This book aims to bridge the gap in investigations into the acquisition of phonology from a multilingual perspective. In order to fully understand this process, the editors present state of the art research into third language (L3) phonology as well as future considerations for this field. The individual contributions address limitations apparent in current literature, in terms of methodology and scope, while offering innovative solutions in the study of conceptualization, design and data analysis, and novel application of theoretical frameworks to L3 phonology.
The contributions consist of a number of original studies which attempt to address vital research questions regarding a bilingual advantage for subsequent phonological acquisition, the variables that drive phonological transfer at the onset of third language acquisition, the L3 developmental path, and how L3 phonological acquisition affects existing systems.
The empirical and theoretical strides made in the study of L3 phonology, provided in this volume, confirm that it is a promising area of inquiry with a growing potential to provide novel insights into the linguistic and cognitive underpinnings of language acquisition. This book was originally published as a special issue of International Journal of Multilingualism.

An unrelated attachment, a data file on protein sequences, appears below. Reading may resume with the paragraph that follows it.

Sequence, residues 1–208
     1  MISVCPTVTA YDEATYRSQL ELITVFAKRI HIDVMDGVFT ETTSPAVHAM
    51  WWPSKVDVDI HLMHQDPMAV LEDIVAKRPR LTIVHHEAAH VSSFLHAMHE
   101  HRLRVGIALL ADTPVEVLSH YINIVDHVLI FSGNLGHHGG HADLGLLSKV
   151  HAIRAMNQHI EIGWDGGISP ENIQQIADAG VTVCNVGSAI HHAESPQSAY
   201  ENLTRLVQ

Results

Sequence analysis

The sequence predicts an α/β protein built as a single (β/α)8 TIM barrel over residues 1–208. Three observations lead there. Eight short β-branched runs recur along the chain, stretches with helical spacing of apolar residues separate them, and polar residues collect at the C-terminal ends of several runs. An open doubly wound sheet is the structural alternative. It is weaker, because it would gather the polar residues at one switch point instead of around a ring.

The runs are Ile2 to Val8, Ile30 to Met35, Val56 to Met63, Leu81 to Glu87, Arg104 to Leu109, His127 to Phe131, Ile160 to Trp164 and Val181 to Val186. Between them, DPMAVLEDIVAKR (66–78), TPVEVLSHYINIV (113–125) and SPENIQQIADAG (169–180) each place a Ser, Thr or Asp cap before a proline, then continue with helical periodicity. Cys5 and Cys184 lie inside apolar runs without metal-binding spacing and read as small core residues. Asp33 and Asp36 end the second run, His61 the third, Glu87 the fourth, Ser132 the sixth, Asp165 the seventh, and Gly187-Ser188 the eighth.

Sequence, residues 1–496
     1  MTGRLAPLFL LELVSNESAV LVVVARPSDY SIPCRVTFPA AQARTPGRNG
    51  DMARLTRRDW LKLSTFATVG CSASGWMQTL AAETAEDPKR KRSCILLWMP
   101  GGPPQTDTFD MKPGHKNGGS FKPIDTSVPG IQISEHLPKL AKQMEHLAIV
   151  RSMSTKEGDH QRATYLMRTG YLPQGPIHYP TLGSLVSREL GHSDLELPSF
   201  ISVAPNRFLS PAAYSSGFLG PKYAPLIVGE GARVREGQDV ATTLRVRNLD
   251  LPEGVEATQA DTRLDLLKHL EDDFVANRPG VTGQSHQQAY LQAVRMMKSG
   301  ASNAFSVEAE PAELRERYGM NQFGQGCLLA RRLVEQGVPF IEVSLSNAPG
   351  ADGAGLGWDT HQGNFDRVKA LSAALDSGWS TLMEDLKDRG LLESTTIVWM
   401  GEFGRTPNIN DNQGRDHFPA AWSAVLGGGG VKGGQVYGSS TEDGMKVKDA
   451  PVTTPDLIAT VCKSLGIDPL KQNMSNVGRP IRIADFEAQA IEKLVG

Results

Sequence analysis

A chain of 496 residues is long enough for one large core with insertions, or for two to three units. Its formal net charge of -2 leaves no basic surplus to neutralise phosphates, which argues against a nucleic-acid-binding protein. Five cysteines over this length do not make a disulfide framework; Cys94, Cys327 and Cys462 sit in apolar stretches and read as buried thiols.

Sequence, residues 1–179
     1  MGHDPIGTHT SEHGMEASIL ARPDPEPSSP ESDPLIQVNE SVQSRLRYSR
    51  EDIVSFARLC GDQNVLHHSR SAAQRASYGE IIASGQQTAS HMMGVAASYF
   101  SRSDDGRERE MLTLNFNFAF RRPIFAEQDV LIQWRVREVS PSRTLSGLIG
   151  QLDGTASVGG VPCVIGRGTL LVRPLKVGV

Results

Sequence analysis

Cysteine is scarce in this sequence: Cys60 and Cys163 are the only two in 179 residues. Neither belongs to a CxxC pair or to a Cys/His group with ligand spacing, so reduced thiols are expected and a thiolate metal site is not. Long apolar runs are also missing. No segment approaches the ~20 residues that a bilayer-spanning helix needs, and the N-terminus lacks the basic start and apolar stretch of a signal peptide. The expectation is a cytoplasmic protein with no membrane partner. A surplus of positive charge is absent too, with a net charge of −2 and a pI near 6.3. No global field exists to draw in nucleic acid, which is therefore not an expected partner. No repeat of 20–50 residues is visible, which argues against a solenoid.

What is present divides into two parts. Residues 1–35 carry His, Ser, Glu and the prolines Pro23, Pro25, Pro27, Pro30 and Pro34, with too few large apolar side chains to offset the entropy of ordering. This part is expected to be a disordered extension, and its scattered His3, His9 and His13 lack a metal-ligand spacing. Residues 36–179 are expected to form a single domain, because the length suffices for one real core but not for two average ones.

Table of Contents
1. Investigating the acquisition of phonology in a third language – A state of the science and an outlook for the future 2. The bilingual advantage in L3 learning: A developmental study of rhotic sounds 3. Interactions between three phonological subsystems of young multilinguals: The influence of language status 4. VOT production by Spanish heritage speakers in a trilingual context 5. The effects of L2 experience on L3 perception 6. Multilingual acquisition of vowels in L1 Polish, L2 Danish and L3 English
Magdalena Wrembel is a Professor and Head of Studies at the Faculty of English, Adam Mickiewicz University in Poznań, Poland. Her main research areas involve SLA of speech, phonological acquisition of the third language, multilingualism, language awareness as well as innovative trends in pronunciation pedagogy.
Jennifer Cabrelli Amaro is an Assistant Professor of Spanish Linguistics in the Department of Hispanic and Italian Studies and director of the Multilingual Phonology Lab at the University of Illinois at Chicago, USA. Her research centers on adult acquisition and attrition of phonology, and current work focuses on longitudinal development of phonology and morphosyntax in third language acquisition.